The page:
- Security: Rampant bombings and killings going on in Nigeria today is a clear indication that centralization of power at the federal level is not working. Federal law enforcement agencies is not effective because they are far removed from the people. Local population will be less likely to report suspects to federal police force than local law enforcement agencies. Federal government can still keep federal police but state, local and municipal governments should be allowed to establish local police force. Local population knows the criminals and where they live and will be in a better position to arrest and prosecute them. I realize that allowing states, local and municipal governments to establish police force is fraught with risk due to immaturity of some Nigerian politicians who may misuse the police for their selfish ends. But the risk pales in comparism to what currently exist in Nigeria. National Assembly may put a clause in the constitution which will give the federal government power to nationalize state or local law enforcement agency if it becomes clear that that they are been misused. Federal government should put their fears behind them and allow states to take this step. Crime will decline dramatically if local police forces are established throughout the nation. It is the case here in United States where local, Federal Bureau of Investigation (FBI) and state police are everywhere. It will be rough at the beginning but will get better with time.
- Roads: Federal, state and Local government areas should continue their participation in road construction as they have been doing over the years. We have federal, state and local government roads and each level should continue to build and maintain their roads. States should be building much of the roads in Nigeria. Federal government needs to allocate more money to state governments for infrastructure development.
- Natural Resources: I concur with Mr. Agbokoba on natural resources. All natural resources except petroleum should belong to the states. State governments should have full control over natural resources within their state boundaries. It is the only way these resources will be developed. Federal government is missing in action now when it comes to development of natural resources. Petroleum should be exempted till Nigerian export is fully diversified.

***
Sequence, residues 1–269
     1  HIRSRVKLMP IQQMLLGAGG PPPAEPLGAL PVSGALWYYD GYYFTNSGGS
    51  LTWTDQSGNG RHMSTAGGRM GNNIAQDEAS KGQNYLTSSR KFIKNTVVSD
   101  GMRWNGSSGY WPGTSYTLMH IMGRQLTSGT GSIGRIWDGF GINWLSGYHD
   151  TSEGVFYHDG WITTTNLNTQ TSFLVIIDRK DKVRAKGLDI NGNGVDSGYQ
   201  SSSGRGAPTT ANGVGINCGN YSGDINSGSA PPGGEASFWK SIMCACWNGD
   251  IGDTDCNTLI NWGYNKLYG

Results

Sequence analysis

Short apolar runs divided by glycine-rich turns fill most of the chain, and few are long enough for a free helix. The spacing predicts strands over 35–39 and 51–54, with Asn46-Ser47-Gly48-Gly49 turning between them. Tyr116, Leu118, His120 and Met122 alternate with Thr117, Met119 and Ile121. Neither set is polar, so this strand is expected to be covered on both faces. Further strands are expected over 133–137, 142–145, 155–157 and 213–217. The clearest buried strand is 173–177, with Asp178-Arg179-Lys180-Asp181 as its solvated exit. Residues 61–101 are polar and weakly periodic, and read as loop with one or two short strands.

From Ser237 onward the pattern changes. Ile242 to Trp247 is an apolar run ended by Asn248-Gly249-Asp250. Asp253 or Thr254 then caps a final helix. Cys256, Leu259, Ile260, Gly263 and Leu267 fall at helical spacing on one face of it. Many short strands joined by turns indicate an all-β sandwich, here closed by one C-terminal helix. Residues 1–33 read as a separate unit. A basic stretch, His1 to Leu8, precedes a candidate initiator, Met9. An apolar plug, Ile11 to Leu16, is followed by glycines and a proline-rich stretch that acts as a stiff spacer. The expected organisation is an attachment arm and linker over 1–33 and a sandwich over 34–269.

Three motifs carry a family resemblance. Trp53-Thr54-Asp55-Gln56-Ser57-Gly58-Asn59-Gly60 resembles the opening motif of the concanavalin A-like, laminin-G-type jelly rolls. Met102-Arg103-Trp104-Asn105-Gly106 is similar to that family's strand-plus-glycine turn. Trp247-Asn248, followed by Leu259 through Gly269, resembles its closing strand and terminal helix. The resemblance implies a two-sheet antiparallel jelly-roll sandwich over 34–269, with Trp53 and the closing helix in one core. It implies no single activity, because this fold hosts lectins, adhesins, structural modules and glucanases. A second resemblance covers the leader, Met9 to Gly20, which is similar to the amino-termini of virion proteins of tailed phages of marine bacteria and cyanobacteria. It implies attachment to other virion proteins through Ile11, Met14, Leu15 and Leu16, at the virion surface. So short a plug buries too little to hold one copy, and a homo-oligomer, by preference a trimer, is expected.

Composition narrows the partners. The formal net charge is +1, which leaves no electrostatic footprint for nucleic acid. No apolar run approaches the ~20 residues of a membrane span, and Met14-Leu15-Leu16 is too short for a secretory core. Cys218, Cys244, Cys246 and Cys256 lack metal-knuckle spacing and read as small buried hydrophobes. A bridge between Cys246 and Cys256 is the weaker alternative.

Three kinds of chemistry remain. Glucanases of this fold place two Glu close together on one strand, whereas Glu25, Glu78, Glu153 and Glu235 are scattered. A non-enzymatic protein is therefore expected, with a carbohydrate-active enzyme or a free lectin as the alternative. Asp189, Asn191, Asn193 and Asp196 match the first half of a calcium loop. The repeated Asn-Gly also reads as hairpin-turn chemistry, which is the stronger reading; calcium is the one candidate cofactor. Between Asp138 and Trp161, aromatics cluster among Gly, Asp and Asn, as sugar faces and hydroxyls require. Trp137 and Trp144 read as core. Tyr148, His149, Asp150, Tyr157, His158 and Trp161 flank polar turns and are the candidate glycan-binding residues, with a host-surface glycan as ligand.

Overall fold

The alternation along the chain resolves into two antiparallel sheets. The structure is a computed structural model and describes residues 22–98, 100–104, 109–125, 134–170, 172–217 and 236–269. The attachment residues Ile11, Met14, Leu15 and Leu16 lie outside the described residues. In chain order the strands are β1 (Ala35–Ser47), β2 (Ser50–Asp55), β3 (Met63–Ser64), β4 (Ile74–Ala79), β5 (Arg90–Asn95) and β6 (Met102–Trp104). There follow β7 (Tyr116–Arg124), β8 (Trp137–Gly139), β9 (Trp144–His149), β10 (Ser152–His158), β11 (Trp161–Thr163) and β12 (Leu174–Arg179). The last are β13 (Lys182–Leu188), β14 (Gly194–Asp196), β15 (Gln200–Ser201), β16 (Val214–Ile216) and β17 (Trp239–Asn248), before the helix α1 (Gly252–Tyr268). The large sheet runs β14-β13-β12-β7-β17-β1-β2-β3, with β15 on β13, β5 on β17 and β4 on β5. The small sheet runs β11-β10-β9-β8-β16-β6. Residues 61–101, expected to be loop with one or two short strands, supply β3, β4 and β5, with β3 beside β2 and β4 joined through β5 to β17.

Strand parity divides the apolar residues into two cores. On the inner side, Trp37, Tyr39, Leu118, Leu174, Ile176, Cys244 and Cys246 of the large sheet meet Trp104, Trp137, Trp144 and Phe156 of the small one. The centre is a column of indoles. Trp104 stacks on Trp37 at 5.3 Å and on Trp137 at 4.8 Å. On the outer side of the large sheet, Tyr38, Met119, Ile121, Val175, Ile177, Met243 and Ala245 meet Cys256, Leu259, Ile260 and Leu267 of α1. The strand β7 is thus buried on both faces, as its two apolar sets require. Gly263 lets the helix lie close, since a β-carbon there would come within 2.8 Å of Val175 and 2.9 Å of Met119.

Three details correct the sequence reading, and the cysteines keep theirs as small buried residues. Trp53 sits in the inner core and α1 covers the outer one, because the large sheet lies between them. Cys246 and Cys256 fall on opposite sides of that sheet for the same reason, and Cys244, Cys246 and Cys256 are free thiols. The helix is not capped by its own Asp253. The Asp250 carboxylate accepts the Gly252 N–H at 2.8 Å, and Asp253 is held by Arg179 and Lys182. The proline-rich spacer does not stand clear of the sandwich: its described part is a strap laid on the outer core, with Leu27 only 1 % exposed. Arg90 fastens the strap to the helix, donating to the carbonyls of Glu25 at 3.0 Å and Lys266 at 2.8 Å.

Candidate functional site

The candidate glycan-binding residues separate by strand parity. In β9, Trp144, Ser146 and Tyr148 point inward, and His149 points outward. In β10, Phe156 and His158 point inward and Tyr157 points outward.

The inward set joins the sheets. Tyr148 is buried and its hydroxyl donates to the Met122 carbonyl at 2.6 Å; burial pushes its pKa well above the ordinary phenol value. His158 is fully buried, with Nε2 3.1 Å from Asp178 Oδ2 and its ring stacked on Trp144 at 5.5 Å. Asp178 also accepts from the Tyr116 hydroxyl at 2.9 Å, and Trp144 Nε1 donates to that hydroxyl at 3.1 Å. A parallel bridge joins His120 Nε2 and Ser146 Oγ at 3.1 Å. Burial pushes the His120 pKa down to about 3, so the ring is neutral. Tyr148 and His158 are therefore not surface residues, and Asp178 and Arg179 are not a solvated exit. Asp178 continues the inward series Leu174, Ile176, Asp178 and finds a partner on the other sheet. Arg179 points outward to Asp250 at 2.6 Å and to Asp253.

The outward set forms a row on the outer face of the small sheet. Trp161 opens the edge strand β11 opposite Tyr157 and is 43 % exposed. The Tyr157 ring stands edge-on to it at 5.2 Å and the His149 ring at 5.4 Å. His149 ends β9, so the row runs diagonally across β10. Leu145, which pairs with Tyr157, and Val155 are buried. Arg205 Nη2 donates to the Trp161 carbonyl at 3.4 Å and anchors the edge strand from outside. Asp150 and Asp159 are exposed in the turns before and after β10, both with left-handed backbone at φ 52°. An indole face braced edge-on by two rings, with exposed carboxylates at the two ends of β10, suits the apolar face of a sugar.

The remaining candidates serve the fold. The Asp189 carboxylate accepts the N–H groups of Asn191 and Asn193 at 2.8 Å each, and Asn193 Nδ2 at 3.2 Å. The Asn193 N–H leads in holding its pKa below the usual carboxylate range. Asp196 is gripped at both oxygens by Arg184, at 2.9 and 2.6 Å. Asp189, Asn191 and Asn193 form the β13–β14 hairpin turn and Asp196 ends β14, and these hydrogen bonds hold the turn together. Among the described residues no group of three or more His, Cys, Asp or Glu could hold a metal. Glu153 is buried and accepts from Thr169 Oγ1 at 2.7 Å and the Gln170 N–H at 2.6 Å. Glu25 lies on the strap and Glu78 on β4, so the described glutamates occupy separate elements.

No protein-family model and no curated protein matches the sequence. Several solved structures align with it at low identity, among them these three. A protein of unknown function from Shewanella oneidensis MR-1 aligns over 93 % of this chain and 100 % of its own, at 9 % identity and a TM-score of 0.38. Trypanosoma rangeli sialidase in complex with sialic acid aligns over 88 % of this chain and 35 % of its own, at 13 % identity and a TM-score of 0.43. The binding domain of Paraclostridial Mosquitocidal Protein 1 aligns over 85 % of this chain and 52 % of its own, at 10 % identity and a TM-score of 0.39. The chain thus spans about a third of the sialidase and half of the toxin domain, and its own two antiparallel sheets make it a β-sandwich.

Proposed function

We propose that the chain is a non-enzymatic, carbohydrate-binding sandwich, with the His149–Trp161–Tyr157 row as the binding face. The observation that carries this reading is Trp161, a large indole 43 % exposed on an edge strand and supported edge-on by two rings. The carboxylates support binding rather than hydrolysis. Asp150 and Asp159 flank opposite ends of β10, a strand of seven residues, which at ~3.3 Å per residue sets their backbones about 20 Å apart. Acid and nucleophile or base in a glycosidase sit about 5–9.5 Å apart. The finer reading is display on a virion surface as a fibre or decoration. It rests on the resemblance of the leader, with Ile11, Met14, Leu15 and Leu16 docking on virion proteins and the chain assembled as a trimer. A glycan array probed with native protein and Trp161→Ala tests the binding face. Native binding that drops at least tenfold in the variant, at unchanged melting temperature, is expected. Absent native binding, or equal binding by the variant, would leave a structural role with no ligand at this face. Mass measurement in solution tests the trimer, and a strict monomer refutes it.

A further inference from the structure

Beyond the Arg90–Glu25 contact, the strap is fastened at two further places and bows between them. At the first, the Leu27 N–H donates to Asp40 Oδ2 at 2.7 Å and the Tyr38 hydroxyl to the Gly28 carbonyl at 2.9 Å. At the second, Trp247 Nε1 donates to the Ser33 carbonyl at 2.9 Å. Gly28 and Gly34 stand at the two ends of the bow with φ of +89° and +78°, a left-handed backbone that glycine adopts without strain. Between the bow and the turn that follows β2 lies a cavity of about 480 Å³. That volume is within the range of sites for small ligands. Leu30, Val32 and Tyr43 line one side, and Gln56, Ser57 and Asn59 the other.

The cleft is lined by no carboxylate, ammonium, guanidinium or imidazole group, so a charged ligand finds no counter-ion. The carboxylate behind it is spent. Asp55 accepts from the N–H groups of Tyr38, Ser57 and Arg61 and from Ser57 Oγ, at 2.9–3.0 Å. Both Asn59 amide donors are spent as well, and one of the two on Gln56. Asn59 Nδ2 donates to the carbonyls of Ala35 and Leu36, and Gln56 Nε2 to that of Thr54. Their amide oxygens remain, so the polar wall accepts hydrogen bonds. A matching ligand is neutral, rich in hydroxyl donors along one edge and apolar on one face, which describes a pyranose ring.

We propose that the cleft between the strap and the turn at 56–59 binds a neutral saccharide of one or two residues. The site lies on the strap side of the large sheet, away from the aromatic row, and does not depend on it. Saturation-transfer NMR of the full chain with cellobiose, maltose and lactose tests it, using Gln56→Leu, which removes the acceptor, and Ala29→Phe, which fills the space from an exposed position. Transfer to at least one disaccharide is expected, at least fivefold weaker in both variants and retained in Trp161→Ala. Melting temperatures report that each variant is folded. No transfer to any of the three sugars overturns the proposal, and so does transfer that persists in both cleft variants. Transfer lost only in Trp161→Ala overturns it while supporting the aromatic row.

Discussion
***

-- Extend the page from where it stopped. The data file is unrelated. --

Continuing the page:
- Federal Allocations: Federal, state and local governments needs to start weaning themselves off of the oil revenue. They should start generating internal revenues, encourage businesses to innovate and manufacture things instead of importing everything. They should develop effective tax collection system and agencies to source internal revenues. Sitting around and waiting for federal allocation should be brought to an end in a gradual manner. It is unsustainable in the long run.
- Courts: I agree with Mr. Agbokoba that our court system is good but inefficient. 15 years is too long for cases to wind it way through court of appeal and 20 years is far too long for cases to get to the supreme court. A number of governors was arrested and charged for corruption several years ago such as former governors of Plateau, Daribe; Orji, Abia; Nnamani, Enugu and others. The above cases are still been litigated. Maybe establishment of regional court of appeals as recommended by Agbakoba will move the process faster. National Assembly authorized EFCC to prosecute corrupt official in federal courts because it was impossible to prosecute them in state courts because state governors appoints state chief judges who owes some allegiance to them, so care should be taken when establishing regional courts.
I disagree with Mr. Agbakoba on recognition of six geopolitical zones in the constitution. We do not need further division of Nigeria along ethnic lines. Each state should be free to develop any type of cooperation they wish with other states. Decentralization of power should not mean creation of more states. We have enough states in Nigeria. Some of these states will not be economically viable when Nigeria runs out of oil.
Decentralization or devolution of power from federal level to the state, local, and municipal level will spur rapid development in Nigeria like we have never seen before. So far, we have seen cluster of development around localities where new states are created which boosters the argument that development happens faster when government is brought closer to the people. Rapid development will occur if decentralization is carried out provided current level of corruption in Nigeria is brought to the barest minimum. I hope the National Assembly will consider some of Mr. Agbakoba recommendations in his private bill. Decentralization or devolution of power will not result in disintegration of Nigeria. It will be a welcome development.